We wrote a story about a superhero with type 1'

We wrote a story about a superhero with type 1'

top view of an insulin pump set background consisting of_ an insulin pump, insertion syste

Max was a happy, healthy baby and had just learned to walk when we noticed his cot sheets were soaked in the morning. We assumed the nappies we’d bought were no good. We described Max’s symptoms to our GP – losing weight, peeing a lot and having no energy. But after we said there was no family history of diabetes, Max was prescribed antibiotics. The next day, my wife, Sarah, saw a TV feature about type 1 in children. She phoned me and said, ‘I think Max is diabetic.’ I said, ‘don’t be daft. He’s fine; he just needs antibiotics.’ By that evening, the only way Max could communicate was with his eyes. We rushed him to hospital where he slipped into a coma for 48 hours. We were very close to losing him. The staff did an amazing job. That team still looks after Max today. Back then, I knew nothing about diabetes. So, when Max was discharged from hospital, it was like bringing home a newborn baby again. Learning as we were going was horrendous. Max was too young to be able to tell us how he felt. We were up all night for months, checking his blood sugar. The hardest thing for me was giving his first injections. He clung to me for dear life. But I think it affected me and Sarah more than him. Children are generally resilient and adaptable; Max got to the point where he’d hold his arm up for an injection, and that was that. We also struggled with people’s opinions and perceptions of diabetes. So many people would ask us if he needs cake, or if he can have sweets, or if his diet caused it. Or they’d say things like, ‘oh, it will get better.’ The fact that Max doesn’t know a life without diabetes hasn’t made us feel better. But it has made a difference. For the first two years, diabetes dictated everything that we did. When Max was three, he got an insulin pump with a sensor that allowed, 

47961B07-F966-48C3-BB3F-1558360E0F83.jpeg
top view of an insulin pump set background consisting of_ an insulin pump, insertion syste
IMG_1427.jpg

us to monitor his blood sugar without fingerpicks. That was a game-changer. We could sleep at night, and Max learned maths, too! Max knows the importance of his diabetes and how serious it is. His hospital team is amazing, and his nurse is like a family friend. He actually looks forward to going to his appointments and seeing everyone. That’s a massive help. During the first lockdown, aged six, Max had an idea. He said, ‘my insulin pump keeps me alive, doesn’t it? Iron Man’s got a thing in his chest that keeps him alive, doesn’t he? Am I an Avenger then, like Iron Man?’ I said, ‘yes, you are.’ Together, we started writing a story for children about a superhero with type 1. I thought, ‘he’s really onto something.’ It took me back to how frightened Max was when he first got his pump. Me and Sarah had lots of information we could refer to for help. But Max didn’t have anything. Our book, The Adventures of Captain Lantus, features a superhero with type 1 who gets his powers from his insulin pump. We want to help make children in our diabetes community feel like a superhero. The book is available on our website and Facebook, and we give proceeds to charity. We also look for newly diagnosed children on social media to send them a copy. Sometimes, I honestly don’t know how we got through the first few years. There were lots of tears. People don’t realise how difficult it is to manage type 1 in children. Today, we’re in a much better place. Diabetes lives with us now. We decide what it does. Its part of Max, and it’s who he is. Like Captain Lantus, it’s made him a superhero!!!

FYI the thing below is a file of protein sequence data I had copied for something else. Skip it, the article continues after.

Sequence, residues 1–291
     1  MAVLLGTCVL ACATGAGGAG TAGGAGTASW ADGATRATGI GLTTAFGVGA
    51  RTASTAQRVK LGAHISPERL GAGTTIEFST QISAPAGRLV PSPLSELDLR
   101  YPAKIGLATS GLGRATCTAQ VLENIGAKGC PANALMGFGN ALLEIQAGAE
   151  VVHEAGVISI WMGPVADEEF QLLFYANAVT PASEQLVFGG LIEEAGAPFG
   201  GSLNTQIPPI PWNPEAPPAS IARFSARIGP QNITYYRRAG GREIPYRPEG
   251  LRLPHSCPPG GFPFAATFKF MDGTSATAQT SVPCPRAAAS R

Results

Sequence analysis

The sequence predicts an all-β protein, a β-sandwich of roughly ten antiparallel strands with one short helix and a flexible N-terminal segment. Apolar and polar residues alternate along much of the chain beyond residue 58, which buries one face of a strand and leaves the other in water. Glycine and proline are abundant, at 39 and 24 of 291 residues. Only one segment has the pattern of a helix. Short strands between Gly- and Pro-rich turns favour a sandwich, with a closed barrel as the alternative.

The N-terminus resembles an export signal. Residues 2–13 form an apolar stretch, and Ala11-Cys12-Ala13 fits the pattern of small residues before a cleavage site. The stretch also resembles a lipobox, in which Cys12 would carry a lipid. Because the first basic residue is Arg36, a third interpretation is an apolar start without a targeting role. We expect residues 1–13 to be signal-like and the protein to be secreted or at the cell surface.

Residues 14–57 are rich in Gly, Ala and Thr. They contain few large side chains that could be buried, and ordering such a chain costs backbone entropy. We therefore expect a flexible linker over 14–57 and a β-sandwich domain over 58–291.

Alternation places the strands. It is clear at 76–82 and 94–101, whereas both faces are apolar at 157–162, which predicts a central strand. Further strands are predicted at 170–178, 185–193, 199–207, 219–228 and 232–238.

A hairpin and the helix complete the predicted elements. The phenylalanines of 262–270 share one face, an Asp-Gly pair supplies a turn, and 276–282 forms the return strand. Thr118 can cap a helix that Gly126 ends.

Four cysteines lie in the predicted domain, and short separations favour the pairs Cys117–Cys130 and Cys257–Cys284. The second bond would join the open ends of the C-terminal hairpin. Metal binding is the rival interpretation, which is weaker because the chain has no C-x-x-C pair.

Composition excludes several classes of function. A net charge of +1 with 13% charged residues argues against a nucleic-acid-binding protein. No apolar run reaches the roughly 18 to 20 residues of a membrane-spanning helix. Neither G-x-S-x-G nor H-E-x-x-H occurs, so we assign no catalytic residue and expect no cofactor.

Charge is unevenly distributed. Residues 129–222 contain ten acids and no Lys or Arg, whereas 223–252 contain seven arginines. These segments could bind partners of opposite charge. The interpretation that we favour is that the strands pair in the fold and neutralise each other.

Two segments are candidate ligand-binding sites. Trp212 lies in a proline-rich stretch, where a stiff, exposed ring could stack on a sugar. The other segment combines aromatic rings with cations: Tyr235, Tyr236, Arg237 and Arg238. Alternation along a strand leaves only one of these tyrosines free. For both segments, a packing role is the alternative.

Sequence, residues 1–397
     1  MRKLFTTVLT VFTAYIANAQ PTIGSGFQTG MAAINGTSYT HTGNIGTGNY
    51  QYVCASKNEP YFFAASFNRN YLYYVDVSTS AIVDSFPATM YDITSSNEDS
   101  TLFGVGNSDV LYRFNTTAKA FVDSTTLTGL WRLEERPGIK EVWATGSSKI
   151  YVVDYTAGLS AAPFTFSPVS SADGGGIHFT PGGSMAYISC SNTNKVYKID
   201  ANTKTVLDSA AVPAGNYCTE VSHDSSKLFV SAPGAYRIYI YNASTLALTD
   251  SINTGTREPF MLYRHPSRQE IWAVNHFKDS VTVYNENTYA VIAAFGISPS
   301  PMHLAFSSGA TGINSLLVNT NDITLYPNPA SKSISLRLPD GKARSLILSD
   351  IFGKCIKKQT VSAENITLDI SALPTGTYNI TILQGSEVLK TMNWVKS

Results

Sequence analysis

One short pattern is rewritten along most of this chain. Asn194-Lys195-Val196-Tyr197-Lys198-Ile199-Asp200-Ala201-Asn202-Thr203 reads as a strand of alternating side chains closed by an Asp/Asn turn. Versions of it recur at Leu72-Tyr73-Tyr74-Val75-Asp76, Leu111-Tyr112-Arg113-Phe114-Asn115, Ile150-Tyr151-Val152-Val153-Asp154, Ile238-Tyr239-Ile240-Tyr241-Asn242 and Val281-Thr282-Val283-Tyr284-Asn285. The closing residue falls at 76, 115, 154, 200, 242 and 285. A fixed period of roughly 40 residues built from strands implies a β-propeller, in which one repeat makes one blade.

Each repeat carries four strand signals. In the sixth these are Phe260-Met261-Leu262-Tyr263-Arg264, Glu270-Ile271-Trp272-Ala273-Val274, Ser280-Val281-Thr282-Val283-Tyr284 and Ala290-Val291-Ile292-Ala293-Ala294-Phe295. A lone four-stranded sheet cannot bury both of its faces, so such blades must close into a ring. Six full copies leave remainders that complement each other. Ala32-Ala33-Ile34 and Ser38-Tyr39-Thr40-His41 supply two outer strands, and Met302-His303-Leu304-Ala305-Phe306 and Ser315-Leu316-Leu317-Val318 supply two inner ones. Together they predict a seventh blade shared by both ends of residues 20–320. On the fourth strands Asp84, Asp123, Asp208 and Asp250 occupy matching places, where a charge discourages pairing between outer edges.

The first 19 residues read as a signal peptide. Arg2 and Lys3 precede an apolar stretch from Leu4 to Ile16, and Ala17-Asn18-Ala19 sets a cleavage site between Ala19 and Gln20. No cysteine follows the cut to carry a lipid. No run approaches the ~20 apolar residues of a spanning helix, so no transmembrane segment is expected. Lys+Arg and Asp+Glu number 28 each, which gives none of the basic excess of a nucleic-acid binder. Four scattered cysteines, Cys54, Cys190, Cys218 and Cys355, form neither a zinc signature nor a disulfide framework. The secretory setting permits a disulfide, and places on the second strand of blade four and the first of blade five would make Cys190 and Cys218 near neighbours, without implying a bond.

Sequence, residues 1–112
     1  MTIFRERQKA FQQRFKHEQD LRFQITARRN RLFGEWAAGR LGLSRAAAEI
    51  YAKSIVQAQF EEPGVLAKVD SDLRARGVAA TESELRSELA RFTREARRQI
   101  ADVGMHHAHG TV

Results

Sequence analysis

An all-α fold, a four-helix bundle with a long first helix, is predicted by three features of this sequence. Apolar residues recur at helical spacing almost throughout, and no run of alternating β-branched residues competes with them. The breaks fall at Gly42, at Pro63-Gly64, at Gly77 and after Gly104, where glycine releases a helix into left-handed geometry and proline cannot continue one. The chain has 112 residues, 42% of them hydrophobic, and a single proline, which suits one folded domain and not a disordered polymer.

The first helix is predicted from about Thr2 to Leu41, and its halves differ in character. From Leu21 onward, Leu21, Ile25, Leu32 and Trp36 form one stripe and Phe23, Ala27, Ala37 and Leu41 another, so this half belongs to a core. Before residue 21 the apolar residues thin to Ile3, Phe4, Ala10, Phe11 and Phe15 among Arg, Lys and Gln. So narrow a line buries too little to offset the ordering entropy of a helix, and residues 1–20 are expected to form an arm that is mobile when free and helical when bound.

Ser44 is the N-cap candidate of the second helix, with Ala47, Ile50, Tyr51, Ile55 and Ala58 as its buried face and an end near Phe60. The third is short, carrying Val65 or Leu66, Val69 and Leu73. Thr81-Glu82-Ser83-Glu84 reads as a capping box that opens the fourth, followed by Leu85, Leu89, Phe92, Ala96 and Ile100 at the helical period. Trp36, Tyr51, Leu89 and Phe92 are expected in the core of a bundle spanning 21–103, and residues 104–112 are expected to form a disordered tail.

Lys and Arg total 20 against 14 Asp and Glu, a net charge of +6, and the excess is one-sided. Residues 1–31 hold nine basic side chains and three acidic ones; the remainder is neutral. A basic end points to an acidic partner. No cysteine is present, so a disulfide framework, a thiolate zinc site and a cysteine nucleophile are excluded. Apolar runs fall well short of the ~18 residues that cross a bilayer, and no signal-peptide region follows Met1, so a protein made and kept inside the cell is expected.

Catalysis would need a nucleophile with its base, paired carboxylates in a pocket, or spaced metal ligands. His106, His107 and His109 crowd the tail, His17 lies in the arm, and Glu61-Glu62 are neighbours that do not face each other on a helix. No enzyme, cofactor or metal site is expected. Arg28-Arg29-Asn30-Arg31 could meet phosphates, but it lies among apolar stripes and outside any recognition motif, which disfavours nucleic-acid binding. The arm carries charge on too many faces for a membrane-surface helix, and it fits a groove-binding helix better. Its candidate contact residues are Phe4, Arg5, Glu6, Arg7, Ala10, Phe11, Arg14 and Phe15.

274184362_473934490847354_7255666626745606722_n.jpg
17950558720619882.jpg
image2_edited.png
image5_edited.png
image4.png